Francis Spufford already has a prestigious reputation as a writer of non-fiction: The Child That Books Built is now something of a modern classic of the genre-knotting form; Red Plenty is an astonishing account of Soviet technophilia and Unapologetic is a fine piece of polemic against atheism – even though it struck me as sometimes intemperate.
So why turn to the novel? The simple answer is that it transpires he is rather good at it. But it is a slightly complicated path to get to that judgment. In that respect, his fictional debut owes much to his non-fiction.
Golden Hill begins in New-York (then hyphenated), in November 1746, with the mysterious Mr Smith striding confidently towards the counting-house of Lovell & Company and presenting a bill for £1,000 he wishes to be cashed. Almost immediately I had one major concern. Two of the greatest post-war American novels pastiche 18th century novels; John Barth’s The Sot-Weed Factor and Thomas Pynchon’s Mason & Dixon. Furthermore, many attempts at “recreating” the 18th century style end up as a lot of lawks-a-mercy-ing and “Quaffing of Canarie-Wine”. Actual 18th century novels tend to be rather more complicated.
Anyway, it rattles along rather nicely. Smith seems to take a secret pleasure in actually encouraging the belief that he is a confidence trickster of some sort. He makes cautious friendships with Septimus, the equally secretive Secretary to the town’s Governor – and it was a town at the time, with a population of 7,000 compared with London’s 700,000 – and with Tabitha Lovell, daughter of the local financial big-wig. Tabitha is sharp-tongued, sarcastic and a wholly worthy descendant of Austen’s Emma Woodhouse; but she too has a secret that would not have been in an Austen novel. The plot ticks off the requisite beats – potential love, prison, dances and dinners and duelling, epistles, a brilliant section where the principle characters agree to appear in an am-dram version of that classic of the period, Joseph Addison’s Cato – and my niggles started to grow. Not because it wasn’t a wholly enjoyable experience to read it, but that some things seemed out of kilter.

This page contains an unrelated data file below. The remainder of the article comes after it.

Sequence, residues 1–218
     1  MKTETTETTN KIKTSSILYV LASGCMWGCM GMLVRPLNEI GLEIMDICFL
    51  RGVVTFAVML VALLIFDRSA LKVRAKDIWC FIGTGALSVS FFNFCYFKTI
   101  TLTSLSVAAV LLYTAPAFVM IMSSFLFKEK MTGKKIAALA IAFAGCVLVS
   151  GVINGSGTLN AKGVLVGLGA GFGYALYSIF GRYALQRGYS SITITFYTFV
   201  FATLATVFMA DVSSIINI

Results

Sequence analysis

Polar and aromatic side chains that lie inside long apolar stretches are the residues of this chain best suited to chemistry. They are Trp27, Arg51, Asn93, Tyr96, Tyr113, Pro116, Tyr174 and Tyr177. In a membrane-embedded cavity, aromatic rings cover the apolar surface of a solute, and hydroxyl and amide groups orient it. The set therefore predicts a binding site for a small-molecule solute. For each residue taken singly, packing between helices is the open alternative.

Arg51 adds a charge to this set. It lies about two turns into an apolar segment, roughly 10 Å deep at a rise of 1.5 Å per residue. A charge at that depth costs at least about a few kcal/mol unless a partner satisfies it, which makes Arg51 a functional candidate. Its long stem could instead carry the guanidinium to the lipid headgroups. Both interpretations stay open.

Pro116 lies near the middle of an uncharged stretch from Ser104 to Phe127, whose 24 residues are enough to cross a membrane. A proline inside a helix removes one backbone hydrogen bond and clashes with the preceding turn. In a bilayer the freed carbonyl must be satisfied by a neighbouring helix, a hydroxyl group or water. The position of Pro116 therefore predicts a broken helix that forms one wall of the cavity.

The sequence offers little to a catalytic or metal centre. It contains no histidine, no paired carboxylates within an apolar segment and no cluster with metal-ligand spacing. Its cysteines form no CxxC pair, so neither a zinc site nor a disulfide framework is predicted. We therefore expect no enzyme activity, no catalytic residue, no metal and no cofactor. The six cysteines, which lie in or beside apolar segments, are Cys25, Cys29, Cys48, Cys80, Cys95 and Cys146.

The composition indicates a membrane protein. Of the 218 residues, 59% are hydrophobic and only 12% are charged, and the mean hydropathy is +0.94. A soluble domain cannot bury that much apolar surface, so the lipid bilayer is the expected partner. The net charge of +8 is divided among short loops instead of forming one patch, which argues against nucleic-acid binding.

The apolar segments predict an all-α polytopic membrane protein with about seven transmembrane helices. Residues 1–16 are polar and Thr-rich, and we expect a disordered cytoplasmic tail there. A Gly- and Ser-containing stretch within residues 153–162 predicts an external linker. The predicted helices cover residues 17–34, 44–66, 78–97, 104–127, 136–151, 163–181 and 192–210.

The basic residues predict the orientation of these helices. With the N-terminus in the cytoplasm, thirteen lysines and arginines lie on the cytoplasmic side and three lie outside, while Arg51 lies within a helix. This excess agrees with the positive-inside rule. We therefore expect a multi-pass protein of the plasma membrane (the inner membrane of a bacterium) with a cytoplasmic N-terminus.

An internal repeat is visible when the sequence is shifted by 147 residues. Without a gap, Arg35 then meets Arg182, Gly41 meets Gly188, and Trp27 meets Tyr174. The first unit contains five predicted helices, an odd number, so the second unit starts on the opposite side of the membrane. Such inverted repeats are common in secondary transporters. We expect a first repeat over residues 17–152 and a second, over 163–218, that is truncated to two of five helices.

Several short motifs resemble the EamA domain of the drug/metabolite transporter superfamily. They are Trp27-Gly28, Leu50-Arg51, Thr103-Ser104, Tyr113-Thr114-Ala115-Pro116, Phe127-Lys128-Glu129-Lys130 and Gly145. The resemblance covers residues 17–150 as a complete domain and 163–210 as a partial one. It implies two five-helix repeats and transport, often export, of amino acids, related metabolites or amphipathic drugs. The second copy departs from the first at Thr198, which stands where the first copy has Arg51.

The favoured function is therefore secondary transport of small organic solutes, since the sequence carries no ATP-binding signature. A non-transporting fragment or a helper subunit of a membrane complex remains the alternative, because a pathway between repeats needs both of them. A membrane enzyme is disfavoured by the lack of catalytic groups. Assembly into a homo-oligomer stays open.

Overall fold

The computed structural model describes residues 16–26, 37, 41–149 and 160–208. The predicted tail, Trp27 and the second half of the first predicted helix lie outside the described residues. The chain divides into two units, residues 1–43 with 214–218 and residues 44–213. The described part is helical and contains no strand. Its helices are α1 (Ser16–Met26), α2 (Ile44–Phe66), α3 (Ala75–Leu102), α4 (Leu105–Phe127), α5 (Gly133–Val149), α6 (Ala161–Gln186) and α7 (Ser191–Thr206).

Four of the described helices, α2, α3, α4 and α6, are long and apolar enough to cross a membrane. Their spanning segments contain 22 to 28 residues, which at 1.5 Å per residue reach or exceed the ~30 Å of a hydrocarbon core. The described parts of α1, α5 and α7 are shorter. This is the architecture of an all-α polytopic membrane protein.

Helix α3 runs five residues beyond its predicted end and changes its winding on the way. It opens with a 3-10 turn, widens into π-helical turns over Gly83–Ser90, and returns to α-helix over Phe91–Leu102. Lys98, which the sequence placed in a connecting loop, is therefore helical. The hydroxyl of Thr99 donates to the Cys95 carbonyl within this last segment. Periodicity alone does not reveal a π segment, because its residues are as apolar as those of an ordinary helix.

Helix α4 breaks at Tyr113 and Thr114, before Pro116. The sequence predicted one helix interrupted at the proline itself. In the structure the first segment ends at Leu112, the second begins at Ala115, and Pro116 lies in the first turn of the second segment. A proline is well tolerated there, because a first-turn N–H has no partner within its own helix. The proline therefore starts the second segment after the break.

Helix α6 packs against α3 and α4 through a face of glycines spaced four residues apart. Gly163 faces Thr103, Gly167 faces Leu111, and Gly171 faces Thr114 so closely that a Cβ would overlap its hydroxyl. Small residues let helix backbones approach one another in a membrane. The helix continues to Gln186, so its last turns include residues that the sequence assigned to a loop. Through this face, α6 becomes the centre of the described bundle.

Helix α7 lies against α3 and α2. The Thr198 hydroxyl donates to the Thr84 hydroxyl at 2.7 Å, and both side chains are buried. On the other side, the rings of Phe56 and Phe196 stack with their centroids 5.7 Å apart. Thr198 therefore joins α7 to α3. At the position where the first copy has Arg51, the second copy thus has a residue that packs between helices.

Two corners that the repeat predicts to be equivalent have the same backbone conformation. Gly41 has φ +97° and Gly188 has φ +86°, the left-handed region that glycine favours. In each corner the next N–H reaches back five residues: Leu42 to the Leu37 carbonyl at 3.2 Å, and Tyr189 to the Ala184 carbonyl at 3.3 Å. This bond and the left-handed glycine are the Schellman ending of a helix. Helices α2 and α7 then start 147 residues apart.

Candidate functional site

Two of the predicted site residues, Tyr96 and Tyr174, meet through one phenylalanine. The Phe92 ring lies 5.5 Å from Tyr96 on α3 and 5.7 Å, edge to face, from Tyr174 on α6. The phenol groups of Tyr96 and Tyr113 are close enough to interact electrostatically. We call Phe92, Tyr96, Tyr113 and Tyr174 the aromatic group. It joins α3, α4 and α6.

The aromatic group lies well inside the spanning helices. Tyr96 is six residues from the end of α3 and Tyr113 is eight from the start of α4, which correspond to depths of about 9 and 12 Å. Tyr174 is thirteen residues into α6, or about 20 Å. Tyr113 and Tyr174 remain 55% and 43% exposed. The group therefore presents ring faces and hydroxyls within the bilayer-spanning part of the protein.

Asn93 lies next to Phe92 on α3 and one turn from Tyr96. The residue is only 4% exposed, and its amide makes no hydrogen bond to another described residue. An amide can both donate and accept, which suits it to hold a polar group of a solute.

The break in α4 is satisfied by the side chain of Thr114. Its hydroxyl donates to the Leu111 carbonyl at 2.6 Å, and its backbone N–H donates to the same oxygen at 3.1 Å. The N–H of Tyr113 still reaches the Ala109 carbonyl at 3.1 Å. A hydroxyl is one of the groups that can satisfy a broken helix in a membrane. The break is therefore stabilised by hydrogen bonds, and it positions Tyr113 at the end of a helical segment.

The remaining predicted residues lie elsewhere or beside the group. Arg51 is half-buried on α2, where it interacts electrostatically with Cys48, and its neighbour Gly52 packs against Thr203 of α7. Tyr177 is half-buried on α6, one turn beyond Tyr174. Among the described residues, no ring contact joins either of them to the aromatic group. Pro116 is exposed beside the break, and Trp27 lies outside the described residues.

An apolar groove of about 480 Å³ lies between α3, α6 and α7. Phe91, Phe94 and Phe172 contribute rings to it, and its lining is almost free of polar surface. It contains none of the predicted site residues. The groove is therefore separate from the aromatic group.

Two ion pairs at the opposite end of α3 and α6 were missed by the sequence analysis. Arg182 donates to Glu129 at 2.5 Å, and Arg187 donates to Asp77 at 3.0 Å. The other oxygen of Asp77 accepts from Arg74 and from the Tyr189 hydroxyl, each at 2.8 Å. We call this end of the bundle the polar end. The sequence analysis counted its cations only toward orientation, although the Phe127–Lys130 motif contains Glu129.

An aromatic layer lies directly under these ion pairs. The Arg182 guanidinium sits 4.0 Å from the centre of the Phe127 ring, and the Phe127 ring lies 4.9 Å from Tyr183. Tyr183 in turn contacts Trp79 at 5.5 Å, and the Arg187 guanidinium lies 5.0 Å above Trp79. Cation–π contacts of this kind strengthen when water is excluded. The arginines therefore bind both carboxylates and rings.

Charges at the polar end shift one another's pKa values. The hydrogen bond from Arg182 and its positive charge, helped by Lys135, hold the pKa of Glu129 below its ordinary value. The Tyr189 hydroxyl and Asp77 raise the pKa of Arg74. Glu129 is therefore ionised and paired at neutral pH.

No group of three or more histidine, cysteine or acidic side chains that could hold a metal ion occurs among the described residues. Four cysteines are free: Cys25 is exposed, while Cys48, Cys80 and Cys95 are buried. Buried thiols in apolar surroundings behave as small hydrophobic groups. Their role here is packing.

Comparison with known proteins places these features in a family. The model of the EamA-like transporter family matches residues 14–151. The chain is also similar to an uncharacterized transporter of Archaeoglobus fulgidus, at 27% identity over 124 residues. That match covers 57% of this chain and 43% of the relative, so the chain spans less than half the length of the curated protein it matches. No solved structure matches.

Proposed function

Very early on in the novel – page 19 – some of the verbs are apostrophised (retain’d, back’d, confus’d) and some not so (scurried, misliked, knocked). The apostrophe is a bit ye olde anyway, but why mish-mash them? A few pages later there is a tiny literary reference to Philip Sidney’s poetry – “With what sadder steps”, winking at the 30th sonnet. A little, excusable curlicue? In the sermon Smith hears in Chapter II there is an especially odd point, where the minister makes mention of all the novelists that Golden Hill is imitating: both Henry and Sarah Fielding, Richardson, Lennox, Smollett and Sterne. Here’s the rub. There is no way that anyone – let alone anyone in New-York in 1746 – could have read Roderick Random (1748), or The Female Quixote (1752), or Tristram Shandy (1759). I simply couldn’t believe that someone immersed in the period could make such an obviously glaring error.
Then there came the tonal shifts. A discussion about current London drama makes copious use of the redacted dash for personal names; not otherwise used often in the novel. While describing the duel, with all due technical terminology, the intermittently intrusive narrator laments “But really, this is useless, and no more enables the reader to see the battle, than if I shouted numbers at you”. One scene features the card game piquet. “Now it will be most necessary for the reader, in comprehending what follows, to possess a thorough and secure understanding of the rules…” The rules are then confusingly explained, ending “Wait – wait – alas the explanation is bungled, but it cannot be recalled again and started over again as the game is begun. We are out of time, with little enlightenment secured.”
The wonderful thing is that all these infelicities and half-hints are rewarded. The mystery may on the surface be about Smith’s money, whether it is ill-gotten and what he will use it for; the deeper mystery is who is telling us about Smith’s mystery. Both revelations satisfy – and, although I guessed the first relatively early, it is pleasingly foreshadowed. The second can also be deciphered, and readers should take note that one character describes how a stage magician diverts with applause.
The epigraph is taken from the work of Smollett, also mentioned in the sermon, and Spufford strikes me as a novelist in the same vein. Richardson is more psychologically dissecting and distressing; Fielding more whole-hearted if less astute and Sterne more dazzling and self-conscious. But Smollett was always able to be empathetic, to be alert to injustices, and to be pessimistically optimistic. It is an honourable path to follow.